Full-time Touro professors will teach about half of the academic courses in the program, and Success-affiliated adjuncts will teach the other half, according to Alan Kadish, Touro’s president. He said the full-time and adjunct professors would also jointly supervise the practical training required for graduation.
The agreement positions Success one small step closer to a possibility founder and CEO Eva Moskowitz laid out in her recent book, “Mission Possible.”
“Our intensive, immersive, school-based teacher training program could eventually become a formal graduate school program,” she wrote. The book also lambasted traditional teacher preparation programs as “completely inadequate.” (more…)
June 13, 2012
The head of one of the city’s largest charter school networks is calling on state charter authorizers to reject a law that requires schools to serve a larger share of high-needs students.
The law, Success Academy Charter Schools CEO Eva Moskowitz wrote in a letter to authorizers this month, creates “perverse incentives” for charter schools to “over-identify” students in high-needs categories, an effect that she said would do more harm than good for children.
“We urge you not to impose any enrollment and retention targets,” Moskowitz wrote to the New York State Education Department and SUNY Charter Schools Institute, which are charged with enforcing the law. “Instead, we request that you partner with us in going to Albany to change this poorly-thought-out legislation.”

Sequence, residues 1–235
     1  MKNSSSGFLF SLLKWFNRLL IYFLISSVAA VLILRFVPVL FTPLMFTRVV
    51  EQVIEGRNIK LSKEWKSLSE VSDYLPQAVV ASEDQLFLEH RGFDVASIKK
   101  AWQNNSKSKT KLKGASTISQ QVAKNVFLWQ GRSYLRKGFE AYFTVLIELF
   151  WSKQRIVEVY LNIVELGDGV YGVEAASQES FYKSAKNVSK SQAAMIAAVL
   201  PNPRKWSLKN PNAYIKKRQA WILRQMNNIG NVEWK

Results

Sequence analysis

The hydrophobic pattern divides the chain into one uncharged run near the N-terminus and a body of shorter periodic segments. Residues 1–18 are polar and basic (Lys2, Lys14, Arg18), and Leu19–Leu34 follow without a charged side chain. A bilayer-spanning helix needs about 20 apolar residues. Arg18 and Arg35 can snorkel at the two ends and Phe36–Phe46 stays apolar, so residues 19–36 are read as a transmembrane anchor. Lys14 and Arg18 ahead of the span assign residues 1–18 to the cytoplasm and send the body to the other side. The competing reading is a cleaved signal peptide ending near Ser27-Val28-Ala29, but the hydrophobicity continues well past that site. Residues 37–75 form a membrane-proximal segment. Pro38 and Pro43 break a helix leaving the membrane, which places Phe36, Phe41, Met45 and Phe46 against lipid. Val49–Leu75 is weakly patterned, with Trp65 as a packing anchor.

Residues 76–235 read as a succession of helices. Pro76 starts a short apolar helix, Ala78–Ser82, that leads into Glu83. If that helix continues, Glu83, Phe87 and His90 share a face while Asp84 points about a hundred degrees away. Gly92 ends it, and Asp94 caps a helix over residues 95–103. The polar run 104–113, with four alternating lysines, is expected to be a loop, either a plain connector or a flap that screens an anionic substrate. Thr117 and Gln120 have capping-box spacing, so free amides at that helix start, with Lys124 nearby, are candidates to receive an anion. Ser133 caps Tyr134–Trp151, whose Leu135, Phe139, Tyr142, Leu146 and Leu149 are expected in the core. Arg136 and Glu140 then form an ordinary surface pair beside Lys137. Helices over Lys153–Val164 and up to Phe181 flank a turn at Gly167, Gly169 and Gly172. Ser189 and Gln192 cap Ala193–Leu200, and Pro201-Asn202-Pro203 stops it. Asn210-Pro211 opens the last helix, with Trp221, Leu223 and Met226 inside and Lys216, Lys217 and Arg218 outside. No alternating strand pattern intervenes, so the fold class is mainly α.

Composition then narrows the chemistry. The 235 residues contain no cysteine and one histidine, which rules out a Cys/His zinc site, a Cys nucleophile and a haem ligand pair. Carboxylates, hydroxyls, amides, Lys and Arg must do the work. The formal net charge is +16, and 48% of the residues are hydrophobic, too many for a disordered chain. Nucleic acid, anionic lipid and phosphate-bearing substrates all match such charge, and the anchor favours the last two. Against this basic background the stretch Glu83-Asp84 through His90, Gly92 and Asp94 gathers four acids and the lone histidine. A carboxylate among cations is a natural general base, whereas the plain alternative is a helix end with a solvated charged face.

The mandate for charter schools to enroll more high-needs students was established in 2010 when lawmakers passed the Race to the Top bill. A charter sector self-assessment earlier this year found that a large majority of charter schools still served lower proportions of poor, special-needs and English language learning students than their districts.
It’s taken some time to iron out the details, but last month authorizers proposed a method of calculating the targets that they intend to use. The proposal is a complex methodology that would assign enrollment targets to each charter school based on the overall ratio of high-needs students in school districts where they operate. Schools that repeatedly fail to comply could be closed. (more…)